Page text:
New highway historical marker commemorates 1898 Wilmington coup

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New highway historical marker commemorates 1898 Wilmington coup

Th highway historical marker commemorating the 1898 coup, located on Market Street between Fourth and Fifth Street.

Th highway historical marker commemorating the 1898 coup, located on Market Street between Fourth and Fifth Street.

Caitlyn Dark

Th highway historical marker commemorating the 1898 coup, located on Market Street between Fourth and Fifth Street.

Caitlyn Dark

Caitlyn Dark

Th highway historical marker commemorating the 1898 coup, located on Market Street between Fourth and Fifth Street.

Jacob Sawyer, Staff Writer

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A new roadside historical plaque that has been in the works for almost two years was finally unveiled on Market Street between 4th and 5th streets on Friday, Nov. 8.

It commemorates the massacre in which a mob of roughly 2,000 marched about Wilmington and set ablaze many buildings, including Free Love Hall. An African-American newspaper called the Daily Record was headquartered there, and journalists for that paper wrote articles supporting the city’s Republicans and Populists and opposing the Democrats, who tended to support the Confederacy during the Civil War.

The chain of events leading to the violence can be traced to the Civil War, during which Wilmington was a major Confederate trading port but was captured by the Union in Jan. 1865. Racial tensions remained high even after the war ended and a growing middle class of African-Americans began to establish themselves in the community.

In Aug. 1898, an editorial article from the Daily Record by Alex Manly enraged the local white population, who began organizing white supremacist clubs and demanded that every white man either join one or leave the city. Former Congressman Alfred Waddell, who actively participated in these clubs, gave a series of speeches to thousands of supporters in October. On Nov. 10, 1898, he met about 500 other men, most of whom were businessmen, Confederate veterans or both , in front of an armory on Market Street. The mob soon quadrupled in size and posed for celebratory photos after burning down the Daily Record.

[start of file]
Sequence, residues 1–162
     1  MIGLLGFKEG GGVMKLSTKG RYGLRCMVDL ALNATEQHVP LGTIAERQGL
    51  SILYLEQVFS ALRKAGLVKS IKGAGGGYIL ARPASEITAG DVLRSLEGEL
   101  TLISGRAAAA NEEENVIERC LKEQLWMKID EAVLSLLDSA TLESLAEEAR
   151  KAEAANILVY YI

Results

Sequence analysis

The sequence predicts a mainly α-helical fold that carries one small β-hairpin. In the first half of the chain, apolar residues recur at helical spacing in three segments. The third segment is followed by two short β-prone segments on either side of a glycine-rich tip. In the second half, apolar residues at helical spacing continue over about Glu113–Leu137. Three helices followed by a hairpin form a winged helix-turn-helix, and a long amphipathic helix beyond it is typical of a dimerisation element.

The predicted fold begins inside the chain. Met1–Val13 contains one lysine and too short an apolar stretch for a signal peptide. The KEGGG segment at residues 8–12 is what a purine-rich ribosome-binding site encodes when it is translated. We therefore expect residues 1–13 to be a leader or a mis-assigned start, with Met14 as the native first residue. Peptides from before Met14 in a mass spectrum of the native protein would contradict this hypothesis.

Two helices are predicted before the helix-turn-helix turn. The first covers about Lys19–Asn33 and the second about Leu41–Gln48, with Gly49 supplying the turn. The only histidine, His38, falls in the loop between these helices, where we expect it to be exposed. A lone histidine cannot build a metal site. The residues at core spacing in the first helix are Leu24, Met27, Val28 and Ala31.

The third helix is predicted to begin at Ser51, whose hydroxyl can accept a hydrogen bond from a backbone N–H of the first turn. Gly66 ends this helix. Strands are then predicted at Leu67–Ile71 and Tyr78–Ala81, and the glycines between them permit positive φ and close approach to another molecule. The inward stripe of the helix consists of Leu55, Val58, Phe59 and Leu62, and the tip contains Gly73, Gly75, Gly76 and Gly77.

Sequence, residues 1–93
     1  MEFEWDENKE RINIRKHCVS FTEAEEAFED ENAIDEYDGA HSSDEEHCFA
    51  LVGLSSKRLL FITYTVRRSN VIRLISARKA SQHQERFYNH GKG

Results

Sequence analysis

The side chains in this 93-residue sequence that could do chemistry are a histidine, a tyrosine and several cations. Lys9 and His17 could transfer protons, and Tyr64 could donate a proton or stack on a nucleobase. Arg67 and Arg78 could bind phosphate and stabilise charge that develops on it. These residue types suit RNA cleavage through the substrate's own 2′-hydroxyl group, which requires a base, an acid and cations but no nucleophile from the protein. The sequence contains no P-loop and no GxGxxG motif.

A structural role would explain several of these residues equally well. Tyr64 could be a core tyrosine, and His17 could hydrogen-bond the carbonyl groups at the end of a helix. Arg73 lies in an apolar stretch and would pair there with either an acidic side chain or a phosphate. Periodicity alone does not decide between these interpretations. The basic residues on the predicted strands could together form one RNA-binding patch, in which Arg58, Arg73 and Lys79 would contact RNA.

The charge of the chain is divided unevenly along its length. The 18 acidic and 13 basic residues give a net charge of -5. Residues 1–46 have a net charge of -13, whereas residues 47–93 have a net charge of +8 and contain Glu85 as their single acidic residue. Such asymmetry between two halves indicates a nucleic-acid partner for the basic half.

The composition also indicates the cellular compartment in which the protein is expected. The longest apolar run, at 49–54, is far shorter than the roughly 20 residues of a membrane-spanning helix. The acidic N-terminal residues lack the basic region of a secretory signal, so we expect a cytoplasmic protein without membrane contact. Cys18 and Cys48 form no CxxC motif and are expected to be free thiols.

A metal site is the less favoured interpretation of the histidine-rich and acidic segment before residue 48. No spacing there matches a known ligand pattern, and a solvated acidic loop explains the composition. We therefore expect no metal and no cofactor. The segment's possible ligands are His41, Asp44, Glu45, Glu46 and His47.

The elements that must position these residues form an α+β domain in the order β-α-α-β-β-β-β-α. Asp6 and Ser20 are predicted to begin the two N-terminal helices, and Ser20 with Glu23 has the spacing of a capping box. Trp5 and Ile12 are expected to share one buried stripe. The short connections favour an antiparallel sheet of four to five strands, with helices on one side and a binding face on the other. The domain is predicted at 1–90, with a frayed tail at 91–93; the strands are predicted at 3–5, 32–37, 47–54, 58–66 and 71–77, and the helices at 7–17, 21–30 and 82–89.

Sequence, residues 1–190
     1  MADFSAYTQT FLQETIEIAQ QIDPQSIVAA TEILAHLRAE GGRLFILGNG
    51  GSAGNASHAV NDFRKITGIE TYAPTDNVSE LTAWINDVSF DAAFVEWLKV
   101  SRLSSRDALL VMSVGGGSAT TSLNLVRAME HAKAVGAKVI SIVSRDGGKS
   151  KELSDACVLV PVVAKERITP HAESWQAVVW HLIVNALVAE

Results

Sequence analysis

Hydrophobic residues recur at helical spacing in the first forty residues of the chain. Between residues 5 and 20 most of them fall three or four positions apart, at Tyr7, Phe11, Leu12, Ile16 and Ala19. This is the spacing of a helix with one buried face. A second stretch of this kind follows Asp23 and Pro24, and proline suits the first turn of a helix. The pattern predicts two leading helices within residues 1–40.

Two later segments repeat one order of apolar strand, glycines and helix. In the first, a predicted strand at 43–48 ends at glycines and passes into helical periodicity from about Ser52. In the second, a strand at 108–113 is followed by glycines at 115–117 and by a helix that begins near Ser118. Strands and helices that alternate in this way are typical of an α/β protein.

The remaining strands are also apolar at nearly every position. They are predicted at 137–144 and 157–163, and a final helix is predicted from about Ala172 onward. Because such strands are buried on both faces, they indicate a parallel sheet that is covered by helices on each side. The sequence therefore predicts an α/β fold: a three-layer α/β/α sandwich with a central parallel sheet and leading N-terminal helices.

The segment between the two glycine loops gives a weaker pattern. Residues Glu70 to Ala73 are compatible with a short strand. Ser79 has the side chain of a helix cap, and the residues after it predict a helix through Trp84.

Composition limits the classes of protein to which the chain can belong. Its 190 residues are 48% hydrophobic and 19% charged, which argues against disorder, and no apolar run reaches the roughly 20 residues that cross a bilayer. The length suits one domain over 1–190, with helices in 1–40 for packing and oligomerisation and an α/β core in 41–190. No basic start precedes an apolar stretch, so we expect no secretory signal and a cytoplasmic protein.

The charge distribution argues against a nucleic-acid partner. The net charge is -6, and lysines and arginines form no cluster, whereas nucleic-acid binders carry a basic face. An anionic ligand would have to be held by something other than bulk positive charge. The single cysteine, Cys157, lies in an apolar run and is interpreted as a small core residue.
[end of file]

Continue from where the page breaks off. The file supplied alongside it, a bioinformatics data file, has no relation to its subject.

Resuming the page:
Most African-Americans targeted by the mob either fled, were captured or perished. The mayor was forced to resign at gunpoint. Many other Wilmington officials of both races also stepped down. Although the exact number of casualties is unknown, a 2006 report estimated the number at 60.

Following the violence, which was the only successful coup d’etat in American history, the wealthy white men seized control of Wilmington’s government. They ordered that any African-Americans remaining for the 1900 election be barred from voting. Due to widespread fear, only 26 voted against the Democrats that year. This disenfranchisement continued until the Supreme Court ruled it unconstitutional in 1915.

The marker was unveiled during a ceremony near the armory at which the mob began its rampage. To maximize the degree of respect and remembrance, a special procedure was used to dedicate the plague. The N.C. Department of Transportation as well as the Department of Natural and Cultural Resources support the highway marker program. To learn more about the highway marker program, please visit their website, linked here.